Title: The Divorce Papers
Author: Susan Rieger
Source: from publisher for review
Review Summary: I loved this modernization of the epistolary form, especially the beautiful formatting of letters from different sources and the unique voice each character had, although the ending felt a bit unemotional.
Sophie Diel is a criminal lawyer who “very much appreciates that most of her clients are behind bars”. Despite her professed lack of people skills, when she’s asked to fill in for a colleague at an initial interview with Mia Meiklejohn Durkheim they hit it off right away. Mia is heartbroken and angry at her husband’s request for a divorce. She likes Sophie and believes that her direct approach may be just what’s needed to win custody of her daughter and perhaps take her smug husband down a peg or two. The story of Sophie’s experience with the divorce and the ways it makes her reconsider her own relationships is told in epistolary style. This includes “personal correspondence, office memos, emails, articles, and legal papers.” (quotes from goodreads description)
Although I was a bit uncertain about picking up a book that included “legal papers”, I enjoy the epistolary style and couldn’t say no to this interesting new way of writing about relationships. I’ll tell you right now – picking this up was the right choice! The only thing I didn’t like about the format was that, as with Burial Rites, the documents chosen to end the story robbed the climax of some of its emotional impact. Everything else about the format was perfect. I loved that the different documents were all formatted appropriately. It gave the book a unique feel and added texture to the story. The documents were well organized and the plot flowed without interruption from one source to another. Every character had a distinct and believable writing style. The author did not use our often poor modern communication as an excuse to write poorly. The people writing the letters in the book are well-educated, many of them raised on letter writing, often writing professionally or passionately to friend. Their letters sounded natural and suited their personalities perfectly. They were funny and intelligent and convey all the right emotions.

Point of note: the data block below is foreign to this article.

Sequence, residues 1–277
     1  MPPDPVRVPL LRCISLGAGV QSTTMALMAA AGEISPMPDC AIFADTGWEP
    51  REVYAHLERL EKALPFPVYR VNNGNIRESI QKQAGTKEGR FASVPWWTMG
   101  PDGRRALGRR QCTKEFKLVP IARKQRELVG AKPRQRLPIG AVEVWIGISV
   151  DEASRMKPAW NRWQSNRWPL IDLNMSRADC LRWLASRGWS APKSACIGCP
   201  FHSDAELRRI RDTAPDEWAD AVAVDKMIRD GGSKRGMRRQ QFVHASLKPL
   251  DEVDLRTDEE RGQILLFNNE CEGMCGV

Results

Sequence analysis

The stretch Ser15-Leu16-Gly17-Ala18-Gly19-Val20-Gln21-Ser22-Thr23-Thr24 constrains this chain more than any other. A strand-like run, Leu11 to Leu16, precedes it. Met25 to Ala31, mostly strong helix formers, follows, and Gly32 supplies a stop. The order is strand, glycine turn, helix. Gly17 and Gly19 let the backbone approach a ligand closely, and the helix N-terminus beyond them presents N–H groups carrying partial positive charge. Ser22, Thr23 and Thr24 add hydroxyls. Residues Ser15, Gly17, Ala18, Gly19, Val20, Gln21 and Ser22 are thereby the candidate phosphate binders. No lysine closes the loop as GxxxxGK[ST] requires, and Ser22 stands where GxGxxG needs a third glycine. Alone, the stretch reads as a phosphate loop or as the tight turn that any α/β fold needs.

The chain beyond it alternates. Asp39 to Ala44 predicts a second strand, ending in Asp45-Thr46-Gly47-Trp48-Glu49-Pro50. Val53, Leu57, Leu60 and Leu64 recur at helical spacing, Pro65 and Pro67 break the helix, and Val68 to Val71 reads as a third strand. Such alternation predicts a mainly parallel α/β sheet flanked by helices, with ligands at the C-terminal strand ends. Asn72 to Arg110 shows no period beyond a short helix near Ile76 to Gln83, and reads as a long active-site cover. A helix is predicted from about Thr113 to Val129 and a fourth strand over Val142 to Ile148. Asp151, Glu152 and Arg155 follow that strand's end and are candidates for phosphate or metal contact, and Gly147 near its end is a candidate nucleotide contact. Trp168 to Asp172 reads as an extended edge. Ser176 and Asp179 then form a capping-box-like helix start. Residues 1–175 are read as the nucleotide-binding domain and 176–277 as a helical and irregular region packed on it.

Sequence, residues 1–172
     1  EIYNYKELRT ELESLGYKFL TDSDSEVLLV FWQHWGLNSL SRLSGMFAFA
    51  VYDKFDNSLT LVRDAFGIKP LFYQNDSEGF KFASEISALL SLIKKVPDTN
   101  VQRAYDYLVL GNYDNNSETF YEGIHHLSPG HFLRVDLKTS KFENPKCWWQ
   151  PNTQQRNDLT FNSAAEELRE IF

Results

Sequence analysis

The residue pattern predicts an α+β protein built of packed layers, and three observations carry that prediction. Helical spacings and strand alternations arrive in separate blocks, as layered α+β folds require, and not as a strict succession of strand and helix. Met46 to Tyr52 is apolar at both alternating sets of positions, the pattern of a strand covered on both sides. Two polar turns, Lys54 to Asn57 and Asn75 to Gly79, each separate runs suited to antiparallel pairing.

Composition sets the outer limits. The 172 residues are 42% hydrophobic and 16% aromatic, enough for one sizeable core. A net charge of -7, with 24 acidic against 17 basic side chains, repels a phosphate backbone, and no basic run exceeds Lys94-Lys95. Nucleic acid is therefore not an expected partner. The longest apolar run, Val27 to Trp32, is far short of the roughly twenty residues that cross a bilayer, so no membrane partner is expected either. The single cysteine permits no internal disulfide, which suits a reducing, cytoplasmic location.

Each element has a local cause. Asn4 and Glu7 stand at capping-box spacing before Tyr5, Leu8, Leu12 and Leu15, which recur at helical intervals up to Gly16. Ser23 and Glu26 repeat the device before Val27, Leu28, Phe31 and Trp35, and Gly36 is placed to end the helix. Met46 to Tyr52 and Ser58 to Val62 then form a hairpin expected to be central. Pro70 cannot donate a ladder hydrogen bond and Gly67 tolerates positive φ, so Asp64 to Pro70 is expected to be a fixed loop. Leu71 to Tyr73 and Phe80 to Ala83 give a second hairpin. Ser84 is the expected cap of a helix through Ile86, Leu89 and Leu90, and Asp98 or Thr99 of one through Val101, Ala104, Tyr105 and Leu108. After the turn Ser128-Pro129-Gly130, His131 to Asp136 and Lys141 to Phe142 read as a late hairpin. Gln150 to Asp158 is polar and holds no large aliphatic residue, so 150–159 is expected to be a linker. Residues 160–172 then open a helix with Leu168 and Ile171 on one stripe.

Even the legal documents were more accessible than I expected. The author made a brilliant choice when she picked a lawyer new to divorce law as her main character. This meant there was some explanation of the law in her communication with her mentor. It also meant that relevant bits of the laws included were highlighted. Personally, I still couldn’t bring myself to skip the unhighlighted bits, but I did find the highlights helpful. In another brilliant decision, the story doesn’t revolve entirely around the divorce case. We also learn about Sophie’s life and her emotional response to the divorce case. Her growth as a person gave some much needed optimism, given that even a successful negotiation for divorce isn’t an especially happy resolution. I also liked that some events outside of Mia’s interaction with her husband impacted the divorce case. These events put the story in context, giving the story substance by fleshing out the world in which it’s taking place.
This story was a beautiful intersection of chick-lit and literary fiction. It deals with the themes of relationships, careers, and dating which often draw me to chick-lit about 20-something women. However, it is also told in a very unique format which to me exemplifies what the modern epistolary novel should be. This shows the cutting edge thinking I expect from literary fiction. It was also a very thoughtful book and I’d recommend it to anyone interested in books that examine relationships in interesting ways. I’d actually recommend it to others who share my love of non-fiction that includes an insider perspective on an interesting career as well, because I found the legal aspect of this story fascinating. A great book which could appeal to readers with a wide variety of interests.